Competition Revs Up the EV Market

Competition Revs Up the EV Market

Tesla, Inc. (Nasdaq: TLSA) shares saw a decline earlier this week as traders finally bailed out of the high-flyer.

But not all players in the automotive industry are having as rough of a week. Ford Motor Co. (NYSE: F), up about 2.6% over the past five days, is clearly bucking the trend. While down only slightly over the same timeframe, General Motors Co. (NYSE: GM) has also outperformed the EV heavyweight.

The juxtaposition may not make sense at first. Tesla is the clear innovation leader in electric vehicles and self-driving software … and the Michiganders are trying desperately to catch up.

Laggards are clearly getting the benefit of doubt from investors. Get used to this for a while.

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Perspective is important. Even with the thumping taken by Tesla shareholders on Monday, the stock is still up in 2021, though not by much. But, to be fair, there is still much of the Tesla story yet to tell.

The Palo Alto, Calif.-based company is in the process of rolling out its next-generation Autopilot software. By every account, it’s impressive, bringing legitimate autonomous navigation to the current Tesla fleet.

By contrast, the self-steering software from General Motors seems like a toy. Automatic lane changing on highways and auto-braking are cool, but Autopilot can read street signs, creep into intersections and easily make left-hand turns against traffic.

In a strange way, Tesla is being penalized for being the first mover. In the relatively new era of EV production, it’s the legacy business with the slowest growth. Competitors are getting the “newcomer” star treatment … despite their tech lacking in comparison.

If that wasn’t ironic enough, GM and Ford won’t begin EV production in earnest until 2022. When this process starts, both firms are likely to create a tailwind of positive news events and heady growth metrics. It’s also reasonable to expect that demand is also going to be off the charts for all-electric F-150 pickups, Mustang SUVs and the new lineup of futuristic Cadillacs.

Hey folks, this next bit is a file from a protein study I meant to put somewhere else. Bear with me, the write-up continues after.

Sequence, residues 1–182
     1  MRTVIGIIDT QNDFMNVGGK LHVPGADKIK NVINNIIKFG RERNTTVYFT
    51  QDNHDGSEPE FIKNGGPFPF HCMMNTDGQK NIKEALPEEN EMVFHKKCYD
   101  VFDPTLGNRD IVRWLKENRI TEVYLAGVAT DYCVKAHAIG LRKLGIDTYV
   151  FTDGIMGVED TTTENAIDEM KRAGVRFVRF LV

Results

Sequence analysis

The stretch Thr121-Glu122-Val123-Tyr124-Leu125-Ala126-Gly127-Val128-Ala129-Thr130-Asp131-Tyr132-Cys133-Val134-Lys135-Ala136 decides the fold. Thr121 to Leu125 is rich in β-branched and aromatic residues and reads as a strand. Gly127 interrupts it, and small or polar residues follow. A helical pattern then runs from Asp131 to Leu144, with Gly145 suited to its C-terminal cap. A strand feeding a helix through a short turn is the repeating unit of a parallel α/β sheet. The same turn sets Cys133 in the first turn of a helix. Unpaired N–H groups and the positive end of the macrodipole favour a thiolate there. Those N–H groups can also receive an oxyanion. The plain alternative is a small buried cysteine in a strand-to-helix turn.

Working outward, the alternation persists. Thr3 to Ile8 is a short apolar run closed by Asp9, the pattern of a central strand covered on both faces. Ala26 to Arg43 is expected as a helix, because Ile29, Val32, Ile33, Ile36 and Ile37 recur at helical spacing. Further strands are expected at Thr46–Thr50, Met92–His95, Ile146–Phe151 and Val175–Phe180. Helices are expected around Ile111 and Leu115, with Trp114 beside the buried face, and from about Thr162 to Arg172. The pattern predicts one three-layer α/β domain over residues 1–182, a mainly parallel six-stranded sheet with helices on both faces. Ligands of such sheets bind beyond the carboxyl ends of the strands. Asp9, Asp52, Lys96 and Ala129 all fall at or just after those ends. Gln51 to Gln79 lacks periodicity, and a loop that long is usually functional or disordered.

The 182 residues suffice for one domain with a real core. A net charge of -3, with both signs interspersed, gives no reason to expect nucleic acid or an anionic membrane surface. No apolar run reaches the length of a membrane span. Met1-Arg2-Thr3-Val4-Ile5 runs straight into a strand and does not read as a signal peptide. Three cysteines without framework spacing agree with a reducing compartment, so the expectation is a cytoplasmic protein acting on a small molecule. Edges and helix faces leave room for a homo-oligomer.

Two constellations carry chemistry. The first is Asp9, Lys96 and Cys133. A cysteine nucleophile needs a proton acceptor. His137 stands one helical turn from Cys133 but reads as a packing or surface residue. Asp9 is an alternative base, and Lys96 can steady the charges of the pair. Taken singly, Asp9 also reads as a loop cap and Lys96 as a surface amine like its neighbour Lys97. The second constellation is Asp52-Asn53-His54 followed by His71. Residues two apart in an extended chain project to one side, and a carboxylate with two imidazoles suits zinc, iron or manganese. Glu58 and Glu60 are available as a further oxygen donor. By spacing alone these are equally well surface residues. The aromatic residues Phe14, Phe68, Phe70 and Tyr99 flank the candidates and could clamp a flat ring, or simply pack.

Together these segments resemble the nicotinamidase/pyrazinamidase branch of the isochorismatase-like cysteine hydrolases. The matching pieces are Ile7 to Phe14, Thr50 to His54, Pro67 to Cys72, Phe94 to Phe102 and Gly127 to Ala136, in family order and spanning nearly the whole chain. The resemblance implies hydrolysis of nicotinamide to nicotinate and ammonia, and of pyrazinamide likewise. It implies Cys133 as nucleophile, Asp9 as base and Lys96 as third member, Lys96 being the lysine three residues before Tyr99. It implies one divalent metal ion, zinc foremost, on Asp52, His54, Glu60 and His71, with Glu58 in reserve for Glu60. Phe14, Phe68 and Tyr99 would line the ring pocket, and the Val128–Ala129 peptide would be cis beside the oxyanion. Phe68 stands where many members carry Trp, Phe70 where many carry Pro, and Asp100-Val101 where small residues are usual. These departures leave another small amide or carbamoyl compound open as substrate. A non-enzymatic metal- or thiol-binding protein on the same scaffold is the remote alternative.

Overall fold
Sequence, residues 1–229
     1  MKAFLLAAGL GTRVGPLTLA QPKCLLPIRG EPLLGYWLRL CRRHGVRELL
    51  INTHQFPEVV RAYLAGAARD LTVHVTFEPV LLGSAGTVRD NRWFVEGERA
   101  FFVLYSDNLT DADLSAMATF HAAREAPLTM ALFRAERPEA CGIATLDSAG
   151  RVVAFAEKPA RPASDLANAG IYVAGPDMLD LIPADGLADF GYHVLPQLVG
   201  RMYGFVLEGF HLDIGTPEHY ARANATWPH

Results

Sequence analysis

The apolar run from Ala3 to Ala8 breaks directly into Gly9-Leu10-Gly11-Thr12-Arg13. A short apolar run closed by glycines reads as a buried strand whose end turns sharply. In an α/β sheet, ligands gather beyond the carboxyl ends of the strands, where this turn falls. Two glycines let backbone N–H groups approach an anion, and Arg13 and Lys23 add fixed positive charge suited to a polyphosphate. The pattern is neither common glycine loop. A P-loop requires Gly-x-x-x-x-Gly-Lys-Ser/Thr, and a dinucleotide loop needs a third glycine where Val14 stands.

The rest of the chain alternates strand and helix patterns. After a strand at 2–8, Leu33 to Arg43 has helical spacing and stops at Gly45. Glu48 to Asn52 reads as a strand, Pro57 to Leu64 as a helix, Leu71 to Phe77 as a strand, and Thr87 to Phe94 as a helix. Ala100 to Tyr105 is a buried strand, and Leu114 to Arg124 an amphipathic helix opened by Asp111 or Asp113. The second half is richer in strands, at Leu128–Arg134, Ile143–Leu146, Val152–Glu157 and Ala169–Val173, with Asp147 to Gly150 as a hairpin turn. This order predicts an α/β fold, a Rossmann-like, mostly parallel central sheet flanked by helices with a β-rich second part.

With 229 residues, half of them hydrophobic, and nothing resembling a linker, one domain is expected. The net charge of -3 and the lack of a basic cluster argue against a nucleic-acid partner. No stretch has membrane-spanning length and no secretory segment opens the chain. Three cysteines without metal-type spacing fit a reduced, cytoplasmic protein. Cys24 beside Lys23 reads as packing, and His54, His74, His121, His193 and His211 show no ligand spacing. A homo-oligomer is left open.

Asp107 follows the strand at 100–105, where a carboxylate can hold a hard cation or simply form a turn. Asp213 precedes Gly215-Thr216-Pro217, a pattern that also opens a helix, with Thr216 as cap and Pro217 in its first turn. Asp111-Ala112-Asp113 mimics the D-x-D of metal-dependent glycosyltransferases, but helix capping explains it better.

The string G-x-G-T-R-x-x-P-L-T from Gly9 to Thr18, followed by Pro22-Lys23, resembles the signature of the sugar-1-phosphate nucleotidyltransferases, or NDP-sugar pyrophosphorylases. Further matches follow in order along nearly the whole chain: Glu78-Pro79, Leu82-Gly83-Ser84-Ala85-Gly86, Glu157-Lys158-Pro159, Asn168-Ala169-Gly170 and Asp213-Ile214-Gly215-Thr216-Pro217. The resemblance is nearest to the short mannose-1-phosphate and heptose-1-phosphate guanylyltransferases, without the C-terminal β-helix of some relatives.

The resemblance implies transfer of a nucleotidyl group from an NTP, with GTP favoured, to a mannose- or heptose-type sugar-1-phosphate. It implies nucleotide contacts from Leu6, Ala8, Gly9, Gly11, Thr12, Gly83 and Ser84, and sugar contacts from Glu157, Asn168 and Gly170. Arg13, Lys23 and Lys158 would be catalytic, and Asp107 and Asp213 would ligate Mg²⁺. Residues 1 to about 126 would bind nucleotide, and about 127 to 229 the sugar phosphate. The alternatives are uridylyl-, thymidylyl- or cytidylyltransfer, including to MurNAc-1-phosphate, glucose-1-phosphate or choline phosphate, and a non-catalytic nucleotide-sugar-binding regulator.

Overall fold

The closest analogy is the streaming-video-on-demand (SVOD) battle between Netflix, Inc. (Nasdaq: NFLX) and The Walt Disney Co. (NYSE: DIS).

Netflix is clearly better, in terms of both its library and digital execution. Disney got to the digital transformation of its entertainment business much later. The company didn’t make a significant investment until 2015 when it bought BAM Technology, a streaming tech business.

Yet five years later, Disney’s SVOD growth is spectacular.

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Managers announced last week that global SVOD membership reached 94.9 million subscribers.

Right now, investors would clearly rather own shares of the House of Mouse than slow-but-steady Netflix if they were looking for a growth SVOD pick.

But that doesn’t mean Netflix is going to take a backseat for long. Growth investors can see opportunity in newcomers to the digital transformation — like Disney — in the short term, but technology and innovation will win out in the long run.

I see the EV battle following a similar path.

Best wishes,

Jon D. Markman

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